This term for the financial mess we’re in began to appear throughout the world following a widely reported speech by Dominique Strauss-Kahn, the head of the International Monetary Fund, on 10 March 2009: “I think that we can now say that we’ve entered a Great Recession.” Note the capital letters.
This follows a period in which writers had been casting around for a suitable term. William Safire recorded several in his On Language column in the New York Times on 9 February 2009, including credit crunch, market crash and global economic crisis, and wrote of other usages that “Slump is too cheerful and depression too alarmist, especially when capitalized. Economic Armageddon is panic-stricken, though the combination of four-syllable words nicely fills the mouth.”
Catherine Rampell wrote about it, likewise in the New York Times, the day after Mr Strauss-Kahn’s speech, illustrating her comments with a chart taken from the Nexis newspaper database. This showed that the term caught on in December 2008, a landmark usage appearing on the US Federal News Service on 5 December: “Some economists are already calling this ‘the Great Recession’ because they fear it may be longer and deeper than any recession in recent history.” An early example was in an article by Jesse Eisinger in Portfolio, dated April 2008: “The next president will take office during what may well come to be known as the Great Recession.”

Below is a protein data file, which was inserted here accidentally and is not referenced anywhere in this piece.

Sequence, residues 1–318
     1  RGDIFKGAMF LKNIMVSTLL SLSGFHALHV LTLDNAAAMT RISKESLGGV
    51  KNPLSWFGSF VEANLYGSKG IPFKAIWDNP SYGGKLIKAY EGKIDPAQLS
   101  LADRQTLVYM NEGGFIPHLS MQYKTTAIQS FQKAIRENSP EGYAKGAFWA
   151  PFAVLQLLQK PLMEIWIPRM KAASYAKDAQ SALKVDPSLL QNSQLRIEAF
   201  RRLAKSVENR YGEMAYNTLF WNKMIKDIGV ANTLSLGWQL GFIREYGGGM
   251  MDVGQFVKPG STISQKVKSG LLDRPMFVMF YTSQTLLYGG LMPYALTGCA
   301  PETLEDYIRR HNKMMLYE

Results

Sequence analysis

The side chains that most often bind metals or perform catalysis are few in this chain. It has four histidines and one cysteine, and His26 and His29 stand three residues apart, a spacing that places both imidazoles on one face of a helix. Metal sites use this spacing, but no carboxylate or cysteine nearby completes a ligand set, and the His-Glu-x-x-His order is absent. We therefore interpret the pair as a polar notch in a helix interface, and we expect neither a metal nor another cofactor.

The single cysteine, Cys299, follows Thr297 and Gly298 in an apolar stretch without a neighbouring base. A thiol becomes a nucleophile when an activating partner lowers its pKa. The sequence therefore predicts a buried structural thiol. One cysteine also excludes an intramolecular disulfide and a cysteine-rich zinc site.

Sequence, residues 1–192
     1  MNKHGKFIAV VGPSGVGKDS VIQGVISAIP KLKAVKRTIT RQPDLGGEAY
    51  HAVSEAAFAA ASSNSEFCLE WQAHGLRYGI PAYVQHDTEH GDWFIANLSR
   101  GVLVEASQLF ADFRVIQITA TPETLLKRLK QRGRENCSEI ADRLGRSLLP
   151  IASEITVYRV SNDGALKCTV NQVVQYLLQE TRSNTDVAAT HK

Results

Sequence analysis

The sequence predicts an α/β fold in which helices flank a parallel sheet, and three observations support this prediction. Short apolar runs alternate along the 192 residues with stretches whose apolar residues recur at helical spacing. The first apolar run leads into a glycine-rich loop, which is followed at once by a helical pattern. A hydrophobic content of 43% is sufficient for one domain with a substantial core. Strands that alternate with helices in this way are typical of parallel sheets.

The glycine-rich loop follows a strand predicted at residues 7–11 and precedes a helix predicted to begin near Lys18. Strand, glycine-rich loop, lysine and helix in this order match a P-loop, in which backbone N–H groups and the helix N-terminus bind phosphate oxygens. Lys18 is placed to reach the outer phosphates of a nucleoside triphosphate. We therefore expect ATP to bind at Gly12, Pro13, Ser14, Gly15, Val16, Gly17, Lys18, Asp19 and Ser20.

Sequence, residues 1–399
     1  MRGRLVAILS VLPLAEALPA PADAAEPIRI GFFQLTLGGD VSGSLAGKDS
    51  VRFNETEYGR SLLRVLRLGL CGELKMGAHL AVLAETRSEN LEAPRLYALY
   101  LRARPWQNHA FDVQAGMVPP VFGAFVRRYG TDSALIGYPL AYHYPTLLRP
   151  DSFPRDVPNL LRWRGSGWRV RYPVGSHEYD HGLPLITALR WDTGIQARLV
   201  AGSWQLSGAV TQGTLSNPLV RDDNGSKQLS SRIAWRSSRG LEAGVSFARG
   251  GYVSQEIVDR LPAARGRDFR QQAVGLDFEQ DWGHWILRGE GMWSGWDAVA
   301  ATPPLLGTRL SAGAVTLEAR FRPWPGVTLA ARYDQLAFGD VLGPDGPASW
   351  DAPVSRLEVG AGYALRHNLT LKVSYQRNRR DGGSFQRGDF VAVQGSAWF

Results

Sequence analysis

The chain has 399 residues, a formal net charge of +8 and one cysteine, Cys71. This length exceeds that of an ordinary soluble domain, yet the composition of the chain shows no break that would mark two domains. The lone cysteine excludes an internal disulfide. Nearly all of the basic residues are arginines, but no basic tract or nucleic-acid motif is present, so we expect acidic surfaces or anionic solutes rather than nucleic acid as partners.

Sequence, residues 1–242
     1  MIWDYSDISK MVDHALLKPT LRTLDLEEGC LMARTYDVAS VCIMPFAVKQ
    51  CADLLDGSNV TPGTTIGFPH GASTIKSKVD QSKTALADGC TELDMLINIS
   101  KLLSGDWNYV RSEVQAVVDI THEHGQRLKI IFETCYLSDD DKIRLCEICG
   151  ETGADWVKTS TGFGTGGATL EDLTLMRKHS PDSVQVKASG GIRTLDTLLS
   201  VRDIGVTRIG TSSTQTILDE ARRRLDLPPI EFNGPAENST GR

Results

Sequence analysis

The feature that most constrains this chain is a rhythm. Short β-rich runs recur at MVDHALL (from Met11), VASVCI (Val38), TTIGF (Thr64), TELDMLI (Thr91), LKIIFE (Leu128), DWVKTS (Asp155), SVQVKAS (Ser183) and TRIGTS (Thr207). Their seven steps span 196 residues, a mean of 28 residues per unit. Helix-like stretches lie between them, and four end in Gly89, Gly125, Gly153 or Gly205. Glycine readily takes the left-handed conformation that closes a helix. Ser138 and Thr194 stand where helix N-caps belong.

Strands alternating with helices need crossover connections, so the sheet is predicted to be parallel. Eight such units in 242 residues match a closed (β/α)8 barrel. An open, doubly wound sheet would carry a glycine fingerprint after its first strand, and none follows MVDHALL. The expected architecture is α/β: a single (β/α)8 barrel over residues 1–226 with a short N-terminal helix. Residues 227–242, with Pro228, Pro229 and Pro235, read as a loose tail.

Ms Rampell noted that the term isn’t new; it had been used for the earlier downturns of 1974-75, 1979-82, the early 1990s and 2001. Hundreds of examples are on file that refer to these earlier fiscal unhappinesses. Why commentators should keep returning to the term is puzzling, though the desire to be reporting on a catastrophe is innate to every journalist and superlatives sell papers. The difference this time is the stimulus that was given to it by Dominique Strauss-Kahn’s speech.
It seems almost certain now that the current crisis will become the definitive Great Recession and that the next major economic downturn will need some new term. Google News finds almost 6,000 examples in the first six months of 2010. A further pointer to this is that the Associated Press Stylebook — mainstay of newsrooms and a semi-official bible of terminology — added the term in February 2010.
Analysts, art advisers and auction executives concur the world's wealthy have retained great liquidity through the Great Recession and are once again ready to spend and invest.
Daily Telegraph, 13 May 2010.
Fifty-five percent of Americans in the labor force have experienced a job loss, a pay cut, or a reduction in hours since the onset of the Great Recession in 2007, a new survey finds.
Christian Science Monitor, 30 June 2010.
Search World Wide Words
Recently added or updated
Bob’s-a-dying; Methinks; Bill of goods; Binge-watching; Codswallop; That’s all she wrote; Great Scott; Gone for a Burton; Pull the plug; Bob’s your uncle; Gibberish; You snowing me?; Chi-ike; Salop; Hairy eyeballs; Broom-squire; Latrinalia; Charon; True blue; Nakation; Hands off?; Who coined forecast?; Vigintillion; Hingle; Bookaneer; Pig sick; Adimpleate; Deodand; Ilk; Fowler’s Modern English Usage; Skint; Vellichor; Galoot; Crizzling; Caparisoned.
Support World Wide Words!
Donate via PayPal. Select your currency from the list and click Donate.
Buy from Amazon and get me a small commission at no cost to you. Select your preferred site and click Go!